Bowl And Stand (Ireland), ca. 1825–30
The description of cut glass as being ‘crystal’ is a misnomer. Lead glass, lacking a crystalline structure, is a distinctly different material from true quartz crystal. Since the fifteenth century, glassmakers have aspired to produce glass as brilliant and clear as pure crystal.
Flint or lead glass has been made in the British Isles since the seventeenth century, about the time when coal was first used for fuel instead of wood. Before this time, glass would have been made with a soda-lime mixture. Flint glass is transparent, and dazzlingly refracts light, a property enhanced through the faceted cutting of the surface. Before steam power was used for glass cutting, it took two men to do the work by hand. One sat at the table and held the piece of blown glass to the edge of the rapidly revolving cutting wheel, turned by the other.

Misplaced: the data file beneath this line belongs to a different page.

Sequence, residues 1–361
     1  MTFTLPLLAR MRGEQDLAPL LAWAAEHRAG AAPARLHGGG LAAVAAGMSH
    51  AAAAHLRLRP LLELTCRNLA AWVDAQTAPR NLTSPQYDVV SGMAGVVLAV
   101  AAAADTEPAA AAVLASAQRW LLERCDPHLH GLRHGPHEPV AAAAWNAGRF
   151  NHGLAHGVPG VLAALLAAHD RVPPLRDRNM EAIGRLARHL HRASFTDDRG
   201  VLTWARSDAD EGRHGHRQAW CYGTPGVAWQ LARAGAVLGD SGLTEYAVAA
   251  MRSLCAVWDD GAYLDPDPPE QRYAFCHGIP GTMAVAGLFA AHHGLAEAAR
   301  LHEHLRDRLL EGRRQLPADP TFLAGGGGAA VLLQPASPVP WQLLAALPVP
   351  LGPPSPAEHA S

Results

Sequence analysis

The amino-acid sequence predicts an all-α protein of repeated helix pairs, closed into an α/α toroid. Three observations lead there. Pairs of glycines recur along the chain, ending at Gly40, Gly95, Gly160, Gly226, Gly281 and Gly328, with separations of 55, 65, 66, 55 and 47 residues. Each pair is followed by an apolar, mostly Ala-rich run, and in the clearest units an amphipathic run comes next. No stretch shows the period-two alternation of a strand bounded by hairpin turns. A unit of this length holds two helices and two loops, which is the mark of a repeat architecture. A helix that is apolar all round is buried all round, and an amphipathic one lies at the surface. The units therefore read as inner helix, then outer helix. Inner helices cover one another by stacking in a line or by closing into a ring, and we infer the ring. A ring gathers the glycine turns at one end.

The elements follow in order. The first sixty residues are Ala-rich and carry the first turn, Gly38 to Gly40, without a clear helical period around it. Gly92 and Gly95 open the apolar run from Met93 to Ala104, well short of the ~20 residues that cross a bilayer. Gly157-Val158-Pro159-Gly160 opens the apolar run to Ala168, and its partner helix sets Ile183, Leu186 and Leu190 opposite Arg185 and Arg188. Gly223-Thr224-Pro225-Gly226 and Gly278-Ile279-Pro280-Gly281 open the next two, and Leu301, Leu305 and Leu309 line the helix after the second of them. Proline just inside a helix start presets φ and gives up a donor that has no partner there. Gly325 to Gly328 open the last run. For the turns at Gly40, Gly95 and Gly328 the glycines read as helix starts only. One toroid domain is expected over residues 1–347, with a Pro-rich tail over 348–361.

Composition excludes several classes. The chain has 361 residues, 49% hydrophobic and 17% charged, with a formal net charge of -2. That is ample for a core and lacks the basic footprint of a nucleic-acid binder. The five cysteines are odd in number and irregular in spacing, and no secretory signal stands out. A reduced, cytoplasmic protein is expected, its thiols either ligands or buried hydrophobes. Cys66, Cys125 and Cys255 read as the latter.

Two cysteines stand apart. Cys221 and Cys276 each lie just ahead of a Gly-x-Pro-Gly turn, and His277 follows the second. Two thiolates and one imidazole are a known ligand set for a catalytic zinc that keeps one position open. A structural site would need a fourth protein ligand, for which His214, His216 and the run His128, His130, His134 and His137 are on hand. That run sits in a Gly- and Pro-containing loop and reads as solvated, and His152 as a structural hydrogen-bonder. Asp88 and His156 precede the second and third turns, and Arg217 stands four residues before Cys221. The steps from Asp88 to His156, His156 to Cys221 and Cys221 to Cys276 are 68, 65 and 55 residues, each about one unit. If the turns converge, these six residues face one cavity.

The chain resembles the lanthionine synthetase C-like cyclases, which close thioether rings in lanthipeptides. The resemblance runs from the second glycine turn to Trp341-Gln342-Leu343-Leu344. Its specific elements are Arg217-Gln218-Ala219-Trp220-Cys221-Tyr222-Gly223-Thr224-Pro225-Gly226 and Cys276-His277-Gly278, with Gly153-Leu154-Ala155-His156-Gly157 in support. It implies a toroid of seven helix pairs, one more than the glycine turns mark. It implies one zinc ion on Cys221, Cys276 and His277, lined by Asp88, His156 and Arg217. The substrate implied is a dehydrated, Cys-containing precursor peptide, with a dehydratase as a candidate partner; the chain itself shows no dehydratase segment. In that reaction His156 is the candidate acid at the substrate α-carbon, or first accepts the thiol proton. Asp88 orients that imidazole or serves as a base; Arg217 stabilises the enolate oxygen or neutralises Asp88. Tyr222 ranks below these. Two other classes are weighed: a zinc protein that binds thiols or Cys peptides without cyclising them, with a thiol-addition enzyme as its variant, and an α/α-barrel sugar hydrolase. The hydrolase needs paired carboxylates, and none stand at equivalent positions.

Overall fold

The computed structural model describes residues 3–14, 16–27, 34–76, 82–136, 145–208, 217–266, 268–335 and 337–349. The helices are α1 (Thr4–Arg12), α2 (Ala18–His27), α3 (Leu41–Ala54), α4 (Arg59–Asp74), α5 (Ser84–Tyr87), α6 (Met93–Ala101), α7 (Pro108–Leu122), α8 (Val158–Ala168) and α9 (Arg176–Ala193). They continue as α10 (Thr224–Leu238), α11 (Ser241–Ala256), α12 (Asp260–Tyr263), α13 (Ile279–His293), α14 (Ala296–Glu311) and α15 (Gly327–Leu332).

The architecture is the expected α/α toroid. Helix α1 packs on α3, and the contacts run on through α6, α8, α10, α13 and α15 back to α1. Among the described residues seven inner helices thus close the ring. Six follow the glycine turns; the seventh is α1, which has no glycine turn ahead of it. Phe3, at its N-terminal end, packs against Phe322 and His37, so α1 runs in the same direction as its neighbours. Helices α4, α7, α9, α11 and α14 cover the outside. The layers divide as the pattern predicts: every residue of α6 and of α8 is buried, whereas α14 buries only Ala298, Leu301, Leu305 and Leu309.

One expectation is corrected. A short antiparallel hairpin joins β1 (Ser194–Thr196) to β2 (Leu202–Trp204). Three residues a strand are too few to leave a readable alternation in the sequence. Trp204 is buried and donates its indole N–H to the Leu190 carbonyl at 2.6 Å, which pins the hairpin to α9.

This bowl was decorated with a strawberry diamond pattern and is crowned with a large scalloped edge that becomes luminous when filled with light.
This object was
Walter Phelps Warren.
It is credited
Bequest of Walter Phelps Warren.
Its dimensions are
H x W: 22 x 27.5 cm (8 11/16 x 10 13/16in.)
Cite this object as
Bowl And Stand (Ireland), ca. 1825–30; glass; H x W: 22 x 27.5 cm (8 11/16 x 10 13/16in.); Bequest of Walter Phelps Warren; 1986-61-165-a,b